In ancient times, after the twelfth month of
each year and before the first day of the ensuing year, calendar makers inserted
five days to permit the Goddess Nut to give birth to all of her children. (Maspero,
Dawn of Civilization, p208.)
Her name means "Night." Some of the titles of Nut were "Coverer
of the Sky," "She Who Protects," "Mistress of All," and
"She Who Holds a Thousand Souls."
Nut was the goddess of the sky and all heavenly bodies, a symbol of resurrection
and rebirth. According to the Egyptians, the heavenly bodies would enter her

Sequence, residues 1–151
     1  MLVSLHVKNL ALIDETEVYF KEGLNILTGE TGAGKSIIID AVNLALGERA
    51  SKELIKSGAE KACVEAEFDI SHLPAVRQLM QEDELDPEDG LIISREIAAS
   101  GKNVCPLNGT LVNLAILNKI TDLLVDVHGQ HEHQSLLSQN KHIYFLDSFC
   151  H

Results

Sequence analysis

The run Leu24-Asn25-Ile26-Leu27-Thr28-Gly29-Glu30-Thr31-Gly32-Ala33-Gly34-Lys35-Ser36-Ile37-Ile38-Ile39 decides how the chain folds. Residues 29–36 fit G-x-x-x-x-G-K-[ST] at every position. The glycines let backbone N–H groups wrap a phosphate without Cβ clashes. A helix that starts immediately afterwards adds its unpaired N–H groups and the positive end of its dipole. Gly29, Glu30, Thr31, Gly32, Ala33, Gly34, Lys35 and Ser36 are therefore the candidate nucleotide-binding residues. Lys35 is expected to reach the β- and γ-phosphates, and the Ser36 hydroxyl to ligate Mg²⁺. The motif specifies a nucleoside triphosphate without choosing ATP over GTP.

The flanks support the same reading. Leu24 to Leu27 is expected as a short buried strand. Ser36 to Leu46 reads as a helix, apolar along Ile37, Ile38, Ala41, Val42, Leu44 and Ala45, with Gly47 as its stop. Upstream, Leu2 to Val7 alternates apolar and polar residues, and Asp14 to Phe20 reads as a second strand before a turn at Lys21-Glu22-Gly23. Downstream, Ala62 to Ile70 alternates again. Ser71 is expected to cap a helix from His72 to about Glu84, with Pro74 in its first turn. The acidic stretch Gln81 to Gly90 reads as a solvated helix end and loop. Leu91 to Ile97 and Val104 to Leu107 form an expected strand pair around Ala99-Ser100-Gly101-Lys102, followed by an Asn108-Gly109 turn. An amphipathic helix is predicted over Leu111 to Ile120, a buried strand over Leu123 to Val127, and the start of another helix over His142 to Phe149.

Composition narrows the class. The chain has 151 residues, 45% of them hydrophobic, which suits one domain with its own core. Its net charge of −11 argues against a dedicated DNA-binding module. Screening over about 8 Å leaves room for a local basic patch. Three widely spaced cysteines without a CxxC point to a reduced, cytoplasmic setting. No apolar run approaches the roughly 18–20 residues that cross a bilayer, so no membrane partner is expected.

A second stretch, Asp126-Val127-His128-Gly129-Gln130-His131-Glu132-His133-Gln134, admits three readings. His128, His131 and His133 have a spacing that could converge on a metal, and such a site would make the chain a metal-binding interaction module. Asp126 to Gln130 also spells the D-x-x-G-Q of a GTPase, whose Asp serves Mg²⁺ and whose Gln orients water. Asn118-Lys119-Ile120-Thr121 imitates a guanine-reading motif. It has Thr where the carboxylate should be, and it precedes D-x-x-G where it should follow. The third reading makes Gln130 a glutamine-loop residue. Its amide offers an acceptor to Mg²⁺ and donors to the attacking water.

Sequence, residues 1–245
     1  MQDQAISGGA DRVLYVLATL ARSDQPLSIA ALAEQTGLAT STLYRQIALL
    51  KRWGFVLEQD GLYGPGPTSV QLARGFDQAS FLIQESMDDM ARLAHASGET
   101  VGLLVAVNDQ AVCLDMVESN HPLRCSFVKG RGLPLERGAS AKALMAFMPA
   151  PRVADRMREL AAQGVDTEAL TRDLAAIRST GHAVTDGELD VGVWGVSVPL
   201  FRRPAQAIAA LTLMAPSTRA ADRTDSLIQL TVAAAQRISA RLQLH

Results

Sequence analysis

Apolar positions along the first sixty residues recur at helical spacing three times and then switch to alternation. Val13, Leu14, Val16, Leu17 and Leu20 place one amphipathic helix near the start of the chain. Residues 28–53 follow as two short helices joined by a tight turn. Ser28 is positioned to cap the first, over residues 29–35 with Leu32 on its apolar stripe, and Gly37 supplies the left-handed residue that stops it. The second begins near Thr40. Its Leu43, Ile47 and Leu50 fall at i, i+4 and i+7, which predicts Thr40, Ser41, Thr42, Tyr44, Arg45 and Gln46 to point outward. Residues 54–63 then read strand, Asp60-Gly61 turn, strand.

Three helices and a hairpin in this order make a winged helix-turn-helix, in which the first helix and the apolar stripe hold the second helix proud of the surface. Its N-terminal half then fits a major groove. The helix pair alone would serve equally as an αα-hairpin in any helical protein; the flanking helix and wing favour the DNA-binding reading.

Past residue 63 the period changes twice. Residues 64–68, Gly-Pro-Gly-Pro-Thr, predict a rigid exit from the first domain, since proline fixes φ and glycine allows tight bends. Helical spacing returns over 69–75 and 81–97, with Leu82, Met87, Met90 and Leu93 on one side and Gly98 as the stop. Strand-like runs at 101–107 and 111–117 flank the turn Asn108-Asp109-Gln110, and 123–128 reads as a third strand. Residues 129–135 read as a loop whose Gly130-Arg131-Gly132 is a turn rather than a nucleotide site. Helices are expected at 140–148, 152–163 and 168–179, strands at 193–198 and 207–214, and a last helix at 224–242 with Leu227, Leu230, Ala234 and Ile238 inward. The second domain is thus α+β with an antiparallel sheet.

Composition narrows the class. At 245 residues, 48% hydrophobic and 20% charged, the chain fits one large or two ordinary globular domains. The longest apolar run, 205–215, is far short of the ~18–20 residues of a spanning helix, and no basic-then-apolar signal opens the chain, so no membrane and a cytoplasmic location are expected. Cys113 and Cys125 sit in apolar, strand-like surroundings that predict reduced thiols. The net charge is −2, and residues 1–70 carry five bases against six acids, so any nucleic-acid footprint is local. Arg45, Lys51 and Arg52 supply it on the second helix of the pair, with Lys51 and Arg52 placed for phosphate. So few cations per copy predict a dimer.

mouth, traverse her skies and be reborn with dawn out of her womb.
A sacred symbol of Nut was the ladder, used by Osiris to enter her heavenly
skies. This ladder-symbol was called "maqet" and was placed in tombs
to protect the deceased, and to invoke the aid of the god of the dead.
She was the sky goddess, in contrast to most other mythologies, which usually
have a sky father. Nut was also a protector from "all things evil" to
those who sought her out.